South Africa captain Kolisi had his say on the performance of Nic Berry and assistant coach Stick accused the Lions of starting the war of words.
South Africa captain Siya Kolisi has confirmed he felt disrespected by referee Nic Berry in last weekend’s first Test in Cape Town where the Lions prevailed 22-17.
And assistant coach Mzwandile Stick has accused the Lions of “destroying the dignity of the series” by starting the war of words that led to Boks boss Erasmus’ 62-minute monologue criticising referee Berry.
New Zealander Ben O’Keeffe will referee Saturday’s second Test under mounting pressure given the off-field criticism, with South Africa opting only to increase still further the scrutiny on the officials.
“I didn’t feel respected at all, I didn’t feel I was given a fair opportunity,” said Kolisi.
“But I’m looking forward to a new game and a new referee.
“I think Ben (O’Keeffe) will give a fair opportunity for both captains, and that’s all we’re asking.”
Asked in what ways he had been disrespected, Kolisi continued: “Did you watch the video? Watch that and then we can chat afterwards.
“I don’t really want to get into it to be honest. I don’t want to get involved in that, I just didn’t feel I was given the same access to the referee.
“If you watch the game again you’ll definitely be able to see.
“But it’s already happened, I don’t want to speak too much about it, it’s not going to change anything.”
Erasmus offered to stand down from his rugby director role in his wide-ranging, unprecedented attack on referee Berry on Thursday.
World Rugby has sought an explanation from SA Rugby over Erasmus’ comments, but the global governing body has so far stopped short of launching an investigation.
Rugby Australia took the unusual step of issuing a statement defending compatriot Berry on Friday, after the referee had come in for heavy criticism from Erasmus.
South Africa chose to stand by Erasmus’ video and its content on Friday however, with assistant coach Stick insisting the Lions had already damaged relations.
The Lions had raised objections to South African Marius Jonker being appointed Television Match Official (TMO) for the first Test after New Zealander Brendon Pickerill’s travel was disrupted by coronavirus.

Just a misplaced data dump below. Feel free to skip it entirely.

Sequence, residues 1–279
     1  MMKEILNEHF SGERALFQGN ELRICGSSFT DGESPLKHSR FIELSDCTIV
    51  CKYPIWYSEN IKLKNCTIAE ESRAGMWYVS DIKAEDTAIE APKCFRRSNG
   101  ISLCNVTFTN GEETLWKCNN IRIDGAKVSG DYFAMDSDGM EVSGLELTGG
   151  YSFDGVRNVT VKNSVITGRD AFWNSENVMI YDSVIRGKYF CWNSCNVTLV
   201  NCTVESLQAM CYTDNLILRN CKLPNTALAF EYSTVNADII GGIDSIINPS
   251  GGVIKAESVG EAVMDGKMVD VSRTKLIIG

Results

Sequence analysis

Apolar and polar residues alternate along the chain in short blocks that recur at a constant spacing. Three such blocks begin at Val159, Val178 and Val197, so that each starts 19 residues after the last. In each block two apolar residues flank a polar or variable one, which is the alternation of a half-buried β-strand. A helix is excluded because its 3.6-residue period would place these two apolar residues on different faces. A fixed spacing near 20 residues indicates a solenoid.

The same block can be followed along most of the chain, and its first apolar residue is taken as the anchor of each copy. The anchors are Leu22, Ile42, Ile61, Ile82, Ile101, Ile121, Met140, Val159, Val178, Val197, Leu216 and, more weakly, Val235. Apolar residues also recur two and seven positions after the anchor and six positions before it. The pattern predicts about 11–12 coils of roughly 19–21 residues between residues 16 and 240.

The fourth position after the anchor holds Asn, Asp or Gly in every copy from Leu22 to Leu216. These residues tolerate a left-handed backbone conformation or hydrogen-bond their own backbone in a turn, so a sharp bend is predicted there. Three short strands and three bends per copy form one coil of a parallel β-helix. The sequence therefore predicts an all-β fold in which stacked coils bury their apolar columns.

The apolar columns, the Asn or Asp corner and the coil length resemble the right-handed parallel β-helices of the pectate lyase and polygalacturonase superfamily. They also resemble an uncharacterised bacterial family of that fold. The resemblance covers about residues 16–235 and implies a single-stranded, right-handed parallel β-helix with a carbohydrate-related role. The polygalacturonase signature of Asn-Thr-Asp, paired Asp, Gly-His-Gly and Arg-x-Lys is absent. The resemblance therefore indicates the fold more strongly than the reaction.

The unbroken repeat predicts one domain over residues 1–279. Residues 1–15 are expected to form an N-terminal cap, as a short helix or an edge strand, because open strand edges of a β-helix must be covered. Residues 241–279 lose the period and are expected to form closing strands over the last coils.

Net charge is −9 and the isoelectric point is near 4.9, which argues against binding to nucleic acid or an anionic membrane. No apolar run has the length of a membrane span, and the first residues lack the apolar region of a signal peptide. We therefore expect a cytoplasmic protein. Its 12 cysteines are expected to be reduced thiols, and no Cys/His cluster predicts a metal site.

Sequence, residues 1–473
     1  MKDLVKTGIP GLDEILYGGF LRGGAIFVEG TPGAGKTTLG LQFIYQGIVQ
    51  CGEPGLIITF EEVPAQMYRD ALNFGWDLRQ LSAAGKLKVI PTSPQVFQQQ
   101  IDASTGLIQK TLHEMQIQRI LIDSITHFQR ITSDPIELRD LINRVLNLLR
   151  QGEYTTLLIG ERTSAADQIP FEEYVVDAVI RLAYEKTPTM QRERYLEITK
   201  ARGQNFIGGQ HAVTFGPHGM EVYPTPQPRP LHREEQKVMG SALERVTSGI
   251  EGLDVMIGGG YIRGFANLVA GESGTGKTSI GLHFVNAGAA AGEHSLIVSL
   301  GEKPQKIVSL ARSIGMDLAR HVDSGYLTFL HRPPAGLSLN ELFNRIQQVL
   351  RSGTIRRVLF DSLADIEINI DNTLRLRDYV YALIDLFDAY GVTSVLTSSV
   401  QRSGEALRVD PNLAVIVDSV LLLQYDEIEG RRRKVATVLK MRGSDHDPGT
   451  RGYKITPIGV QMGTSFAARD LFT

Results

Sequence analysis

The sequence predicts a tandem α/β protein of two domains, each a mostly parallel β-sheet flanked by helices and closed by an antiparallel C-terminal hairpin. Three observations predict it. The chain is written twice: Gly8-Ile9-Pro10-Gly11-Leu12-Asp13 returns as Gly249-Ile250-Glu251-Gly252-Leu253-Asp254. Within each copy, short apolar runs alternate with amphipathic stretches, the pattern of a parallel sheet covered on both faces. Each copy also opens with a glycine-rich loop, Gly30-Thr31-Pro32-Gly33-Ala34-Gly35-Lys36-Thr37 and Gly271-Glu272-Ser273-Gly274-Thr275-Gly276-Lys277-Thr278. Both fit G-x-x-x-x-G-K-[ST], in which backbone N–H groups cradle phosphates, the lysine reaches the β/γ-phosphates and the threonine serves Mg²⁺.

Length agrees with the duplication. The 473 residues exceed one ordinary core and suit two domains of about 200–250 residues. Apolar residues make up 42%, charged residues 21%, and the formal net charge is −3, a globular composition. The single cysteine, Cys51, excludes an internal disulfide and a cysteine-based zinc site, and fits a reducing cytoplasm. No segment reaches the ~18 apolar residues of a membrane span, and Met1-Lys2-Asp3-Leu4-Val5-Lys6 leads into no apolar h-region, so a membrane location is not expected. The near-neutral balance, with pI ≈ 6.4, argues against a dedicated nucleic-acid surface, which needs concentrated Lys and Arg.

Lions bosses were fearful of Jonker’s ability to maintain neutrality when officiating over his countrymen.
And Stick has insisted that is where all the off-field problems started in this Lions series.
“Let’s go on the build-up where firstly the integrity of World Rugby was challenged by another human being when Marius Jonker was appointed TMO,” said Stick.
“And then Gatland on the other side went crazy, and was asking World Rugby and challenging them about the decision they had made.
“And everyone knows we are living during challenging times, living during Covid, and the other gentleman couldn’t travel to South Africa because of Covid protocols.
“And the fact that was publicly challenged by another coach on the other side, and still to this day I haven’t had any statement from that side apologising about it.
“And I haven’t had any statement from World Rugby either. We’re not asking for any favours, we just want equal grounds.
“I wouldn’t like the whole series to be about decisions taken by the officials, or about the coaches off the field.
“Even if things are being said in social media or a traditional media conference, it’s still the media. All coaches want to get their messages across.
“He (Erasmus) wanted to state his as his own personal view, it had nothing to do with us as a team.
“So if Rassie got into trouble because of what he said on social media, I think the gentleman that challenged the integrity of the game when the TMO was challenged, I think that is something that really destroyed the dignity of the series and also challenges the integrity of World Rugby.”